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Actionable news in C: CITIGROUP Inc,

Stocks Are About As Expensive As In 2000

Banks To Rally As The Fed Accepts Capital Return Plans

The big news on Wednesday afternoon was that the Federal Reserve didn’t have a problem with any of the 34 banks’ capital return plans. You can look at this as a positive or a negative. It’s clearly a positive for the near term because it means dividend and buyback increases for the banks. The XLF financials ETF rallied 1.63% in after hours trading. JP Morgan (JPM) is raising its dividend to $0.56 from $0.50 per quarter and has authorized $19.4 billion in buybacks by June 30th, 2018. Citigroup (C) raised its dividend to $0.32 and has $15.6 billion in buybacks authorized through Q2 2018. The reason this news could be considered a negative for stocks is because it could be a signal that the Fed is serious about normalizing rates and the balance sheet, since it’s relaxing its concerns for the banks. If the Fed has an agenda for hawkishness regardless of what economic data is released, it could lead to a recession sooner than later.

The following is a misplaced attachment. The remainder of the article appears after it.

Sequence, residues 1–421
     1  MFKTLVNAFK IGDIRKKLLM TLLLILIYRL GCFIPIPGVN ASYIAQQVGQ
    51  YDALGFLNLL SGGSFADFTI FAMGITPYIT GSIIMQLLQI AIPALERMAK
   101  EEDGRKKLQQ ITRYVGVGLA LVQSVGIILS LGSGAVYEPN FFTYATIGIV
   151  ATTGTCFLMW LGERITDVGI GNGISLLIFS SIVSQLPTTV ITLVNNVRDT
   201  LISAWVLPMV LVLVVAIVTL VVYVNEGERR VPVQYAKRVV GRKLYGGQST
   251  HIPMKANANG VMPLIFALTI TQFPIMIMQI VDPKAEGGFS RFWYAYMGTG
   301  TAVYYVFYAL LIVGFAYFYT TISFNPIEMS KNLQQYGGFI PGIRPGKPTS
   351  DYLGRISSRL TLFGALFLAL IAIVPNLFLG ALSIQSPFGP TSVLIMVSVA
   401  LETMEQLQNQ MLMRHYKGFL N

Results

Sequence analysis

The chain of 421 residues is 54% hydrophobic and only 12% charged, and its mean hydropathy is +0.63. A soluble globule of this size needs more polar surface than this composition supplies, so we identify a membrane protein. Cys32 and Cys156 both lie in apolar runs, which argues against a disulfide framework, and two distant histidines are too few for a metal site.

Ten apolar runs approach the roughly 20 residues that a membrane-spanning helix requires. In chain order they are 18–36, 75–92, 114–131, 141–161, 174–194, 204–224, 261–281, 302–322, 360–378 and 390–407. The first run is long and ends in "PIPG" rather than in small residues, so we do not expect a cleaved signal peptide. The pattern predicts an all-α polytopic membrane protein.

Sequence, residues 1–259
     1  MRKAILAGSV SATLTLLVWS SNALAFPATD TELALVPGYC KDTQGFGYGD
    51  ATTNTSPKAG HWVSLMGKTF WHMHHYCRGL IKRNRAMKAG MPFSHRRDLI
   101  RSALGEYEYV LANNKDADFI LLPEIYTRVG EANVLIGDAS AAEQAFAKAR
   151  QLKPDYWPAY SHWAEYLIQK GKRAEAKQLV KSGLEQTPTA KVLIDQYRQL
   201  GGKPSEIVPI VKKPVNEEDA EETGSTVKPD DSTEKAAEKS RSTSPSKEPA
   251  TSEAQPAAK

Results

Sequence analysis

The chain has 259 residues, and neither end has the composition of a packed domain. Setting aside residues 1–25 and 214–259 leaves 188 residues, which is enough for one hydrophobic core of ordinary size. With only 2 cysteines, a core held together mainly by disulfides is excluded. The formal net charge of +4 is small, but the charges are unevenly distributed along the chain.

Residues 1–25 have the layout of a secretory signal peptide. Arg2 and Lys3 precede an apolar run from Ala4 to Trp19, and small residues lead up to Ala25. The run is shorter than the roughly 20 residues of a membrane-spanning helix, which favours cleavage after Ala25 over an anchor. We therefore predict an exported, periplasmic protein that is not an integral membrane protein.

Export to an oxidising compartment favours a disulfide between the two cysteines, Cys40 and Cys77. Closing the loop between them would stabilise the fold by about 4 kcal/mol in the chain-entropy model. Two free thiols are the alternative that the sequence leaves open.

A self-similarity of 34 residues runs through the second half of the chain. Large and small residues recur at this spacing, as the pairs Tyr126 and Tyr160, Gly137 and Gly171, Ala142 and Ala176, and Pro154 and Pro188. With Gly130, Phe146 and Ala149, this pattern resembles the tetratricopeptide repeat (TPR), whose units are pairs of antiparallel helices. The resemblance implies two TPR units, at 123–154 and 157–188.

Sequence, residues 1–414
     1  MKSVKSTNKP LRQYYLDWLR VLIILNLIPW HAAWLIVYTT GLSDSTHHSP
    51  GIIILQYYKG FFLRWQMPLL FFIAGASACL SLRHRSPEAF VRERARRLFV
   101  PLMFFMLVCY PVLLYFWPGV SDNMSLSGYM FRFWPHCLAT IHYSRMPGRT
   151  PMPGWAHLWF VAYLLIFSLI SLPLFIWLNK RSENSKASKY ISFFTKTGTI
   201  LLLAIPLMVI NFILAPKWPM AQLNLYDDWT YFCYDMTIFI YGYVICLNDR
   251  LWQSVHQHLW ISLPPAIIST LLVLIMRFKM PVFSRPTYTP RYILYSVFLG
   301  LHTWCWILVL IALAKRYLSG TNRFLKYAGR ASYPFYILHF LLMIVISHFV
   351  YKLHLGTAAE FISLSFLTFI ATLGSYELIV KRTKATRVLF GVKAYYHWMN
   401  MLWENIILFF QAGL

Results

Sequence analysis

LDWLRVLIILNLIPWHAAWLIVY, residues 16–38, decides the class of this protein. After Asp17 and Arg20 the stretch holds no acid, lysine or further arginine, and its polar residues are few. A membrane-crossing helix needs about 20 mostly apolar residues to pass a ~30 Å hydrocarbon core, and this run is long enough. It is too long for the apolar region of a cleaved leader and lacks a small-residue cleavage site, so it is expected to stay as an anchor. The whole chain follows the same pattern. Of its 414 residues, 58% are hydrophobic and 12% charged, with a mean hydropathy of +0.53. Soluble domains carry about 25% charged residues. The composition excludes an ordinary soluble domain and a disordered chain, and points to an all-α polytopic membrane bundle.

The chart below shows that, while the Fed was worried about the banks offering big dividends to shareholders, the Fed has created one of the most overvalued stock markets ever. The banks only lent money to unqualified buyers during the housing bubble because the government demanded them to because it thought owning a house was part of the ‘American dream.’ The point I’m making is that the banks can decide what’s right without the Fed stepping in.

Instead of Yellen saying she’s concerned with asset valuations, she should have not gone through with the QE policy to create the bubble in the first place. Critics of those who are skeptical of Fed interventionism say that we’re not allowed to express worry about raising rates because we’ve wanted the Fed to raise rates for years. That’s a false equivalency because I disagreed with the past 7 years of policy and am now simply warning about the potential effects of normal policy.

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Stocks Will Underperform In The Long Run